Summit rises: Summit County, which had been orange in last week’s coronavirus risk map, is now red, Laura Hancock reports. It joins five other counties in Level 3.

Jumping into the fray: The Trump campaign has intervened in several lawsuits over Ohio’s elections procedures, including on Thursday in a federal lawsuit challenging Ohio’s one ballot drop-box per county rule. Per John Caniglia, lawyers with Jones Day said in a court filing: “The Republican committees have a substantial interest in preventing changes to the ‘competitive environment’ at this late hour.” A judge set a Sept. 23 court hearing in the case.

Get your flu shot: DeWine, First Lady Fran DeWine and Lt. Gov. Jon Husted got poked on live TV with a flu vaccination in an attempt to spur others to get shots too. Meantime, the state reported 1,121 new coronavirus cases, higher than the 21-day average of 1,052.

Latest unemployment numbers: Both initial and continued unemployment claims fell again in Ohio last week, reports Jeremy Pelzer. For the week of Aug. 30 through Sept. 5, 17,983 Ohioans filed initial jobless claims, while 325,515 submitted continued claims.

Nay to ‘Ye: The Ohio Supreme Court has ruled against Kanye West in his effort to sue his way onto the Ohio ballot as an independent presidential candidate, Jeremy Pelzer reports. Ohio Secretary of State Frank LaRose was justified when he rejected West’s candidate paperwork due to a signature mismatch by West’s running mate, justices unanimously ruled. Republican operatives have been trying to get West onto the ballot in Ohio and other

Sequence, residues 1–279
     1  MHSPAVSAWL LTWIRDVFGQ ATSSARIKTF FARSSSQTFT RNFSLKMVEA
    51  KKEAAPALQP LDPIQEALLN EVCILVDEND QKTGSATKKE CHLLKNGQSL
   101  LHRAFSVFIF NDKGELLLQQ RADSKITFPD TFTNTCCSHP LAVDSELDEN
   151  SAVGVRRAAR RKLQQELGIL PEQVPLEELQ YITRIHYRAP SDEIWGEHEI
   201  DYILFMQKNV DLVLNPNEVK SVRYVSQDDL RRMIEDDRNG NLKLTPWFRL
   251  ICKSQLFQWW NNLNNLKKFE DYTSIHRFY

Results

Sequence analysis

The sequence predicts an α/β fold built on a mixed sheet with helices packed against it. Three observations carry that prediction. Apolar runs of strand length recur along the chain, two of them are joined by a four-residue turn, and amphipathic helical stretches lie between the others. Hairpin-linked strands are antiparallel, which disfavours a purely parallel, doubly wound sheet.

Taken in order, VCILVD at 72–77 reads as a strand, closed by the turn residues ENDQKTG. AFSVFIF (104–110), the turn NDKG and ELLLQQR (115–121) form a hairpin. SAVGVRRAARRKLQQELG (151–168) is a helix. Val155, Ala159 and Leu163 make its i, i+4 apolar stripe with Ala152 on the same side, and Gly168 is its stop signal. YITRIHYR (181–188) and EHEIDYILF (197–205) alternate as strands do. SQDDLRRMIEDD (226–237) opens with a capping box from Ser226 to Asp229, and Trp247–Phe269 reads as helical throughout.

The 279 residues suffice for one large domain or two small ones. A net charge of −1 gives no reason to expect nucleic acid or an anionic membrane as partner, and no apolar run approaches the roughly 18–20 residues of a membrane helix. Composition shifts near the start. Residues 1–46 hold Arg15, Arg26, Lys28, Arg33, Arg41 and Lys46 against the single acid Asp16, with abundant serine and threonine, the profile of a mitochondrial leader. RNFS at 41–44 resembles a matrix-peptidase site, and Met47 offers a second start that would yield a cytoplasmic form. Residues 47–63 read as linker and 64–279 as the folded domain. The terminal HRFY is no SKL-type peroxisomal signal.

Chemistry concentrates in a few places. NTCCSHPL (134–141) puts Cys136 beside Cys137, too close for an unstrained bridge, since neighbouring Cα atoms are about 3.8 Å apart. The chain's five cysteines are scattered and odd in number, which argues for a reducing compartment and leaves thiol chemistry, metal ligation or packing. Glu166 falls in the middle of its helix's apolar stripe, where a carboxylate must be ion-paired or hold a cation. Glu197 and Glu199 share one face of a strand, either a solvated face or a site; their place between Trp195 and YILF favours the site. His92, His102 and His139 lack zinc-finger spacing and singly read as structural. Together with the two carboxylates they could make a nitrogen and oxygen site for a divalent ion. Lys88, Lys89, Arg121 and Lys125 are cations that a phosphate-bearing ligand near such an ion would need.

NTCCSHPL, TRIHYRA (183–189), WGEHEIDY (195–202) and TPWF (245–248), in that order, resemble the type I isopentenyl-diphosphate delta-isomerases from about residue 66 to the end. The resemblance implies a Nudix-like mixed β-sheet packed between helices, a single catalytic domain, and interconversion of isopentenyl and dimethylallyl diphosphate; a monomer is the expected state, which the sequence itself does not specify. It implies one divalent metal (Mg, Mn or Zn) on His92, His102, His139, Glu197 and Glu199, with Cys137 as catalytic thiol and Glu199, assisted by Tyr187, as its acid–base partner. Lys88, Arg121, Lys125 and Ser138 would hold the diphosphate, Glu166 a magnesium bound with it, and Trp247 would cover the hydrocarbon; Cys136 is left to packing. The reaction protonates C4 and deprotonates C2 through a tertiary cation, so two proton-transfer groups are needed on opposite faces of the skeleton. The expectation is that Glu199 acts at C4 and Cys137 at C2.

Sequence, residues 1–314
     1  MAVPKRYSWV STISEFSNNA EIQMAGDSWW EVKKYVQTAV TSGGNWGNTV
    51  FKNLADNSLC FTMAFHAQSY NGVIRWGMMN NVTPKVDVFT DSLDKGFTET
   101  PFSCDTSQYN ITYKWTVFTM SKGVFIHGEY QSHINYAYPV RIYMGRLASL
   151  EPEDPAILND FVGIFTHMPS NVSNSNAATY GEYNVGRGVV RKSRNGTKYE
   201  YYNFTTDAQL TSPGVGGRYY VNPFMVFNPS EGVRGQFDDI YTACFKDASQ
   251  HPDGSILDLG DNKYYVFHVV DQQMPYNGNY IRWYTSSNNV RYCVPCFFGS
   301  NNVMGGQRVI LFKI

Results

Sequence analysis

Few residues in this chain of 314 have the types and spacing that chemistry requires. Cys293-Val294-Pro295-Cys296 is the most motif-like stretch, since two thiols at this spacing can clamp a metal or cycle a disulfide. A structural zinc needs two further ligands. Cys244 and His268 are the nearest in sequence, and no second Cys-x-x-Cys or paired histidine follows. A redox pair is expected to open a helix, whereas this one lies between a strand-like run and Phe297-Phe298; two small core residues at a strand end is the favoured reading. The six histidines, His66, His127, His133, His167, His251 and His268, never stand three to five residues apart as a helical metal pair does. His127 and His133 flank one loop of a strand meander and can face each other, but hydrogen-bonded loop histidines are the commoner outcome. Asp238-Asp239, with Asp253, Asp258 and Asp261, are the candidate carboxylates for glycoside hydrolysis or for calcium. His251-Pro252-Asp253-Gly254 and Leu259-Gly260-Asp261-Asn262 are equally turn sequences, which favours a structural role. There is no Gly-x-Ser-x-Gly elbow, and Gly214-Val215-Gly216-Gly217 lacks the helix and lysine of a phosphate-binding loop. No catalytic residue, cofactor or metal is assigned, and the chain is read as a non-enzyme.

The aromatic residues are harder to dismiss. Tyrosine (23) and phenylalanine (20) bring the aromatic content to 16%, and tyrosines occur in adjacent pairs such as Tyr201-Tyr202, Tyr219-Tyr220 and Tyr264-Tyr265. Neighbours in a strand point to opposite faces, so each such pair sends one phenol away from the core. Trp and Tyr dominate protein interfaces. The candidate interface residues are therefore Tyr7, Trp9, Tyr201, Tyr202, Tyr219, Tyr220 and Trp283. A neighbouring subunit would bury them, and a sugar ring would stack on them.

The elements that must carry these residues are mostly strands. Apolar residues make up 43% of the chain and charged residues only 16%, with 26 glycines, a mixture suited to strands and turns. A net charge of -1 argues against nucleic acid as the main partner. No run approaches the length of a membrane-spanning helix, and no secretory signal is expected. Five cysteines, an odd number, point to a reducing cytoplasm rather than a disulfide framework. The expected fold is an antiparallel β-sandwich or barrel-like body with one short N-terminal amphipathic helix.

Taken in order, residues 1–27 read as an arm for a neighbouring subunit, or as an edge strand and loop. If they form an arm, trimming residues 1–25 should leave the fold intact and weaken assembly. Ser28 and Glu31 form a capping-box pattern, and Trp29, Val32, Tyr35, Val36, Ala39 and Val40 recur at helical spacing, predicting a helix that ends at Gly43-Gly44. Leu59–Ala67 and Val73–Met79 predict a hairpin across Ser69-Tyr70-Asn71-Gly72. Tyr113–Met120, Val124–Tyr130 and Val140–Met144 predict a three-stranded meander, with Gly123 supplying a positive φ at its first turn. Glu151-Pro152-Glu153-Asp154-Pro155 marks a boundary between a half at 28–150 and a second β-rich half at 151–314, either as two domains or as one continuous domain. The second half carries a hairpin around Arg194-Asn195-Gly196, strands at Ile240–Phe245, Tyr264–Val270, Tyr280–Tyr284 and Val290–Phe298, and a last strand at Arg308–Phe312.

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House committee holds hearing on repeal of bailout law

COLUMBUS, Ohio (AP) — The alleged corruption that led to passage of a nuclear plant bailout law and questions about whether the bailout was financially necessary demand the law’s immediate repeal and replacement, Democratic and Republican lawmakers testified Thursday.

Supporters of the energy policy contained within the law who worry a repeal throws the baby “out with the bath water” overlook the enormous problems with the law, said Rep. Laura Lanese.

“I would counter that what we have now isn’t bathwater, but mud,” Lanese told the House Select Committee on Energy Policy and Oversight, created to hear the repeal. “And once you have mud, you can’t cleanly separate the dirt from the water and still have confidence you got rid of all the dirt.”

At issue is the law passed last year and known as HB6, which would add a fee to every electricity bill in the state and direct over $150 million a year, through 2026, to the nuclear plants near Cleveland and Toledo.